Dealing with pests: Above and below the ground

Pests are an ongoing concern for owners and managers of catering outlets around the UK, who must maintain a constant mission to avoid unwanted guests on the premises. Rodents, insects and other creatures can cause huge problems for venues serving food and drink, leaving behind faeces and harmful bacteria, forcing Environmental Health to take action against the premises. The perennial challenge of keeping them at bay is part and parcel of operating a food business, but pests can be controlled with good housekeeping and prevention programmes.

How do pests enter my premises?

There are a number of obvious ways that pests can enter a catering outlet, and for the smaller pests (cockroaches, flies and beetles) this is namely through openings such as windows and gaps in walls. Installing insect-proof screens is a simple measure that can dramatically cut the risk of pests. There is also a more direct route that pests such as rodents take into kitchens; by nesting in packaging or food deliveries. Once they enter the premises they breed at a rapid rate, meaning infestations can become a huge problem in a matter of weeks. Inspecting all incoming packages will minimise this risk, as well as correctly disposing of the packaging. Unclean surfaces will always be attractive to pests, so maintaining the highest hygiene standards and clearing away clutter and rubbish as regularly as possible is vital in the fight against infestations. In a similar vein, goods going out of the kitchen can create a breeding zone for pests, particularly packaging and food that is being disposed of. Refuse areas are one of the most at-risk places for pest invasions, so these should also be treated with the same caution as the rest of the kitchen and must be clean and tidy at all times. But even if you take every precaution in terms of what is above the surface, there remains a danger lurking beneath the ground that is important to combat if you want to stay ahead in the war against pests.

Pests beneath the surface

Displaced joints and fractures in underground pipework allow rodents and cockroaches access to drains that lead into premises. These gaps might be small, but they create the perfect entry point for rats and insects, which then go in search of food and shelter. Once in the pipework, rodents thrive on food debris and fats, oil and grease (FOGs) that are washed down the sink and sluice areas. These items can contribute to a build-up of solid masses beneath the ground which snowball in the sewers to form ‘fatbergs’. These fatty lumps, held together by things such as disposable wipes, nappies, sanitary items and other objects that do not belong in the drain, create the perfect nests for creatures like rats and mice.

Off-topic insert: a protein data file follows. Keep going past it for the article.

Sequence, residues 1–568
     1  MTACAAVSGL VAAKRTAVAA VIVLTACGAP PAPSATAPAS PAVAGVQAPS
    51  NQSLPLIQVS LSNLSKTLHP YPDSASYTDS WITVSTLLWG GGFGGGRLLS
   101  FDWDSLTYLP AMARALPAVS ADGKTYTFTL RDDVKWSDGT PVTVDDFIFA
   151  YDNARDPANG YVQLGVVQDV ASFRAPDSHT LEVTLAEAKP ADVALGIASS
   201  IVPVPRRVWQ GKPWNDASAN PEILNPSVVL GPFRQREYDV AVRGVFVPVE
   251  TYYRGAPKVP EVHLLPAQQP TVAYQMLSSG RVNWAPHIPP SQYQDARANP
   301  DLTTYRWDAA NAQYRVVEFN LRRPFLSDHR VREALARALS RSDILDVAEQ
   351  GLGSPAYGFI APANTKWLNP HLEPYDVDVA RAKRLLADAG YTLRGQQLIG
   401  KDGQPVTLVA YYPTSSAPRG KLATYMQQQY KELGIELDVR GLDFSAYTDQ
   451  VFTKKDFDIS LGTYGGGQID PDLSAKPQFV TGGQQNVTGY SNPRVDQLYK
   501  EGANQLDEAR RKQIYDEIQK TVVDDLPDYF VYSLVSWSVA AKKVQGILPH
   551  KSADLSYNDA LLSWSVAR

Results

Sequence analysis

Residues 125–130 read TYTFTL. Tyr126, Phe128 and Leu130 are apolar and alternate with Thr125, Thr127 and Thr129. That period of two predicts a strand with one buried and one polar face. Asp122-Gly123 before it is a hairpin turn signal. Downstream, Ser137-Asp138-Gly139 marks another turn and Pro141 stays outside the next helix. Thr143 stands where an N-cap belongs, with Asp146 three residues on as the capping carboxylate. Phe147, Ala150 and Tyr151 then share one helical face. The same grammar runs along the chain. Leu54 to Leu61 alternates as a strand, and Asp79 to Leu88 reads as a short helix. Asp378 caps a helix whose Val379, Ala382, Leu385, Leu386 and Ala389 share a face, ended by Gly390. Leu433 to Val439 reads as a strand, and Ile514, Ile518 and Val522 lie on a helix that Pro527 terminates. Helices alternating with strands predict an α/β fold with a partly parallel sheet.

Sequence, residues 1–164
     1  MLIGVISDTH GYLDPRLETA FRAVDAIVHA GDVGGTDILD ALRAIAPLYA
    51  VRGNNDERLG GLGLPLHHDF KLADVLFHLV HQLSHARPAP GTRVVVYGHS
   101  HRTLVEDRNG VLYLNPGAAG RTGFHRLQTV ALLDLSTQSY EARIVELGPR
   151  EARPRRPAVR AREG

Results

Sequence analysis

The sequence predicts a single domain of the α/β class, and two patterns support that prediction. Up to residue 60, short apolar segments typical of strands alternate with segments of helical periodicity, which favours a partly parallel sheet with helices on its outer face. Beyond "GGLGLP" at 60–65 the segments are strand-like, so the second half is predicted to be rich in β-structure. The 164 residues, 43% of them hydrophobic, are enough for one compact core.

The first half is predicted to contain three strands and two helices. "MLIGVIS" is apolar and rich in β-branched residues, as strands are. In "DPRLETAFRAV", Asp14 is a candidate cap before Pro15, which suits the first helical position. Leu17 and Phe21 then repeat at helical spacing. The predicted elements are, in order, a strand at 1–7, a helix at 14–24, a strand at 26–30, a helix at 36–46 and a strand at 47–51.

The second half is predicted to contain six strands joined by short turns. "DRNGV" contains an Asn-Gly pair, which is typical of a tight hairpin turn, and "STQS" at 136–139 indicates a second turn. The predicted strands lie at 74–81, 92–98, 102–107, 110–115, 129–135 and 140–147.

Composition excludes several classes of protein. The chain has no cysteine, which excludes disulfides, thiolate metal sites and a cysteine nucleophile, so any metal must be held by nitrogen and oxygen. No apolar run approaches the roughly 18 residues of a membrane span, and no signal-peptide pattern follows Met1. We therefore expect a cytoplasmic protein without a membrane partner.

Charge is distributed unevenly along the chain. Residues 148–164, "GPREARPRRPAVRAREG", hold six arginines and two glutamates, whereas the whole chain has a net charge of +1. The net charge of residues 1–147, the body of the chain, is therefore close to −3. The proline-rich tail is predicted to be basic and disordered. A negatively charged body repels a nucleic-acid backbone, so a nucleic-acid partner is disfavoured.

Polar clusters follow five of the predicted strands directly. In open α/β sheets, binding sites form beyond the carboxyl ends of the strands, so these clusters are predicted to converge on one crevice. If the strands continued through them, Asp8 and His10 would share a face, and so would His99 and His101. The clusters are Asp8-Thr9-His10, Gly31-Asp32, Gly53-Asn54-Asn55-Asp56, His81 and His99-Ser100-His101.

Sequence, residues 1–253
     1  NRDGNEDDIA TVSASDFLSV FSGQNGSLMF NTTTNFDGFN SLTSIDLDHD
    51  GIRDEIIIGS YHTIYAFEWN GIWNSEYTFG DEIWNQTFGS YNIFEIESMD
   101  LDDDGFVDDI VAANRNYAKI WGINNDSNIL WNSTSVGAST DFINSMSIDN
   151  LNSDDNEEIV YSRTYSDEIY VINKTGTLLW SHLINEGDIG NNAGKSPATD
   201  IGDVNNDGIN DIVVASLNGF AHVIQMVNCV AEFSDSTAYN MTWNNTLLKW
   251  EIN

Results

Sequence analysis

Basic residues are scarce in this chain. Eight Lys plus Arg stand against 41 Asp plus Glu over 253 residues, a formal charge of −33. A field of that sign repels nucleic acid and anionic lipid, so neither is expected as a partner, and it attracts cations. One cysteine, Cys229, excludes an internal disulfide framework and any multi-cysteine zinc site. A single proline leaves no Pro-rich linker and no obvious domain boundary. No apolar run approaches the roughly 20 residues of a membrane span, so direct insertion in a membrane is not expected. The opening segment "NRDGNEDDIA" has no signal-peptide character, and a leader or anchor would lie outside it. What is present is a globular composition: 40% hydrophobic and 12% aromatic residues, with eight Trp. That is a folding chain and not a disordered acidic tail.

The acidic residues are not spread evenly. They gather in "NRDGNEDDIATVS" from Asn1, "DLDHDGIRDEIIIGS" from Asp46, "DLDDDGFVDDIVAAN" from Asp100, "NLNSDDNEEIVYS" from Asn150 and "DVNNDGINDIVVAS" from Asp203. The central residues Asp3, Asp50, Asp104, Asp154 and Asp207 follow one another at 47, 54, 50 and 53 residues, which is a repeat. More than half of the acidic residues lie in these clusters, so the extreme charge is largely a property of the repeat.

Taking measures such as avoiding pouring any FOGs and food debris down the drain will certainly minimise the appeal of the pipework to rodents and will have many other benefits to your business as a whole, as responsible behaviour will also help to avoid costly blockages. But that will not fix the displaced joints and fractures that allows rodents to enter the premises in the first place, and the creatures are skilled in foraging further up the pipework and into the building itself.

Treating the problem

The best way to avoid rodents entering this way in the first place is to conduct regular preventative maintenance in your drainage system. Innovative CCTV technology is a non-invasive way of doing this and is becoming increasingly relied upon by catering outlets and other commercial premises as a way to prevent problems from occurring. CCTV drain surveys provide drainage engineers with a clear picture of any given drain, sewer, septic tank or manhole. They can quickly detect exactly where the blockage, fracture or risk lies and what this looks like.

On many occasions, our engineers collect footage that identifies not only the fracture, but a host of pests such as rodents surrounding the entry point. They regularly come face-to-face with our cameras, producing alarming footage about what really lies beneath the surface. Once the problem is identified, our engineers are then able to fix it using the very latest technology to seal off the pipework and avoid creating an entry point for unwanted guests. Cured-In-Place Piping (CIPP) technology is most commonly used in these scenarios – also known as ‘no dig’ or ‘trenchless’ technology. CIPP minimises disruption and restores the integrity of the drain or sewer so that the problem is solved in the most cost-effective and convenient way.

When the drainage system is restored and all entry points are sealed, the onus is on the manager of the premises to ensure this is regularly maintained and that the drains are clear of any FOGs and food debris. This two-pronged approach will make it almost impossible for rodents to enter your premises via the drainage system, and those that do will be far less likely to remain without a source of food and shelter. Keeping ahead of the game when it comes to high standards of hygiene within the kitchen will place you in a strong position to minimise pest issues, but upholding these standards beneath the surface will bolster these efforts even further. Taking responsibility for the entire premises – not just the visible parts of the building – will bring rewards beyond just pest control and lead to smoother operations for the catering outlet as a whole.

By Richard Leigh, group development director of the civil engineering group which specialises in drainage and sewerage repair and railway works, Lanes Group plc

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